Also, a democratically elected President followed up with yet another constitutional conference that never saw the light of the day because of the sharing mentality.
The same intrigue we have seen over the years affected the development of the new city of Abuja which was to be a milestone development and a world-class city to behold. If Abuja continues with the present level of “development” the city will become a very big slum in the next twenty years. The architect of the city of Abuja engaged the services of one of the best consultants in the world to develop what was to become the best new capital city to follow the movement that was made from Rio to Brasilia in Brazil and from Sidney to Cambria in Australia. These countries made their moves just before us and were visited by our consultants mainly to learn from their mistakes because you don’t make such a monumental move without running into crises. But from what I have seen over the development in the last twenty years, mistakes upon mistakes have been made because at a stage the master plan was abandoned.
I was one of the first people that worked in the new capital city that was no city. I had to operate from Suleja, about one hour drive to the city of Abuja because there was not even a place to stay in Abuja. A few years into the building of the new capital city, the sharing of positions, the sharing of lands, and the sharing of the cake made nonsense of what was intended, and the master plan was no longer adhered to. I was part of a team that established a soil database for the whole territory; thereby any building of a major infrastructure must refer to the database before designing the foundation of such a structure.
For me then, the building of a new city from scratch was to showcase the immense human resources that were put together, drawing Nigerians from every part of the world, from ministries and professional bodies. Not too long ago, I was shocked to know that the authorities did not know about the soil database. In all my activism, as some may see me, especially since turning eighty almost a year ago, I not only state the problems as I see them backed by facts, but I also proffer solutions to the issues that have befallen our nation.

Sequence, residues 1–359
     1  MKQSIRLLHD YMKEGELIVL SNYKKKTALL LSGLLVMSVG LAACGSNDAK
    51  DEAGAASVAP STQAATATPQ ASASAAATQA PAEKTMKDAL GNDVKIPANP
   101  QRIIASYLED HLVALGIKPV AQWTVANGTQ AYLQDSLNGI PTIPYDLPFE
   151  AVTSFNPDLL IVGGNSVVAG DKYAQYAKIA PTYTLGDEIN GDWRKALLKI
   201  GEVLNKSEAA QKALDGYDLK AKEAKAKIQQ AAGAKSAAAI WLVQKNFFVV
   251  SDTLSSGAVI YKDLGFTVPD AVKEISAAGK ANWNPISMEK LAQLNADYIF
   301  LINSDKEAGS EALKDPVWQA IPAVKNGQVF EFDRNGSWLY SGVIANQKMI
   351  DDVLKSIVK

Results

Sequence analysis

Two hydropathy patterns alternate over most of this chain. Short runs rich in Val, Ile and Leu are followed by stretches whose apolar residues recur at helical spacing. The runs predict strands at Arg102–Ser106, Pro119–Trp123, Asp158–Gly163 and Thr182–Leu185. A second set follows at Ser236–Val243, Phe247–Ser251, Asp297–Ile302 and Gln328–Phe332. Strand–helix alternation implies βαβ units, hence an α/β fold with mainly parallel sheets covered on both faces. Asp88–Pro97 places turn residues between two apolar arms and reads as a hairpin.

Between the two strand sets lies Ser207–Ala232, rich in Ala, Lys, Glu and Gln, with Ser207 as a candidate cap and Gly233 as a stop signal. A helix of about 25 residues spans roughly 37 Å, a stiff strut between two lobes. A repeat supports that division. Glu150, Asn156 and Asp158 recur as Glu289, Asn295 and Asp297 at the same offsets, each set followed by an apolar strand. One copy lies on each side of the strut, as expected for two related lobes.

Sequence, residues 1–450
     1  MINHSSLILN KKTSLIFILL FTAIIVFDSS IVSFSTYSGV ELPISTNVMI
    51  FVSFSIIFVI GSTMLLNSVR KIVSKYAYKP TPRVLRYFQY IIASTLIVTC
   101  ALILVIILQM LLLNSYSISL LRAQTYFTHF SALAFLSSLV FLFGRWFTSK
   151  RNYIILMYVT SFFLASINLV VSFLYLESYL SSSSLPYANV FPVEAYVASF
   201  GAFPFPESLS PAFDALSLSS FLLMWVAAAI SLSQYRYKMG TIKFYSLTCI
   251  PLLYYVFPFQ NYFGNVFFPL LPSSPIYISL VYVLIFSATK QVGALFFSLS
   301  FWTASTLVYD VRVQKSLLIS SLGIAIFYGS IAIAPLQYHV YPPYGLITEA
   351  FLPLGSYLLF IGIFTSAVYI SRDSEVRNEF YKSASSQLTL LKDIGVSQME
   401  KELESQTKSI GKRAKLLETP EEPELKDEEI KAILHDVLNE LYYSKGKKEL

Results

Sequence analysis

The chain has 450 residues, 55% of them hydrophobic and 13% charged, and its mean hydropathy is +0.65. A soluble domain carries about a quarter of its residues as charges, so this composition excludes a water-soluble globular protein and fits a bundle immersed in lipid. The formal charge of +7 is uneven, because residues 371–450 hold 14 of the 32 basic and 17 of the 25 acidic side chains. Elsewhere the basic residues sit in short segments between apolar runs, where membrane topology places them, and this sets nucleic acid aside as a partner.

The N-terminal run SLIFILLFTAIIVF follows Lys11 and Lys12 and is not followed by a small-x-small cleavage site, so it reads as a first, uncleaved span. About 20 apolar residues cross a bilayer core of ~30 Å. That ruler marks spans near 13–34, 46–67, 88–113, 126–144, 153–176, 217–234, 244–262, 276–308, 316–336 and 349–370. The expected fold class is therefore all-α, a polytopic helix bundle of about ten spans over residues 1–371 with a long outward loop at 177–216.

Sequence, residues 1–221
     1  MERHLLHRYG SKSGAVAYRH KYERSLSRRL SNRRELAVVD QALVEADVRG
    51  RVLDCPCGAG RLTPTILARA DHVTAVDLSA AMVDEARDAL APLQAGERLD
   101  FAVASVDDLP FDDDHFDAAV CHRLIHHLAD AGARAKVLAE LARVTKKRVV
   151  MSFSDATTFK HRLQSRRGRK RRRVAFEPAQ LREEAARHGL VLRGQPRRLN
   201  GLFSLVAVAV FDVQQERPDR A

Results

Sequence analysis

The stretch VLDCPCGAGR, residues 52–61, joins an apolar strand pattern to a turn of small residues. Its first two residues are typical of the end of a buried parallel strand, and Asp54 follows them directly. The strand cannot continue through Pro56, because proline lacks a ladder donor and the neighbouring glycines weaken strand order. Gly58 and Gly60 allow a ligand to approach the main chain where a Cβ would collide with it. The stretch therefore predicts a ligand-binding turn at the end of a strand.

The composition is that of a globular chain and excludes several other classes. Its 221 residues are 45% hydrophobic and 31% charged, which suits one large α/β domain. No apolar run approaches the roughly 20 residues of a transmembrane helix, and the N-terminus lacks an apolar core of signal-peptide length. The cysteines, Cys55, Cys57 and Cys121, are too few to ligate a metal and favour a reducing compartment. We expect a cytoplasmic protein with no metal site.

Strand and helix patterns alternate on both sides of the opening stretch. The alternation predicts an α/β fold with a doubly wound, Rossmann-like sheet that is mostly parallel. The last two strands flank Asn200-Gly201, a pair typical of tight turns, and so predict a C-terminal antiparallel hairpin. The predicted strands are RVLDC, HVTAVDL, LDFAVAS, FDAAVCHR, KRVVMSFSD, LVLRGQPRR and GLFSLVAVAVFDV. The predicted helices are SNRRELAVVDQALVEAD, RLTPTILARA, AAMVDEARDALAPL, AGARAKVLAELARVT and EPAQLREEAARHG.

Therefore, we the people must admit that we have failed our nation in many ways. We must not wait to be told by outsiders anymore. We must learn from what was done with the telecommunication industry that made it possible for the poor to own phones. The same partnership can be introduced so that the poor can have electricity and water. The same partnership can be employed to give our nation airways, airports, and railways. The same can be done with our steel plants, refineries, motor assembly plants, pulp paper mills, the river basin authorities, and saving Lake Chad for our agricultural pursuit. We borrowed money from around the world to prepare the nation for industrial take-off many decades ago but somewhere down the road, we have presided over the collapse of that foundation, and we spend almost half of our resources servicing our debts despite the debt forgiveness that was offered by both London and the Paris Club.
My take, therefore, is that if Nigeria must move away from the present quagmire, we must move back a little, accept our failures, and begin a process of repositioning so that we the people can make and rebuild once again. For the
sake of the present and future generations, we the present actors must leave the nation a better place than we met it and we must start to change today not tomorrow.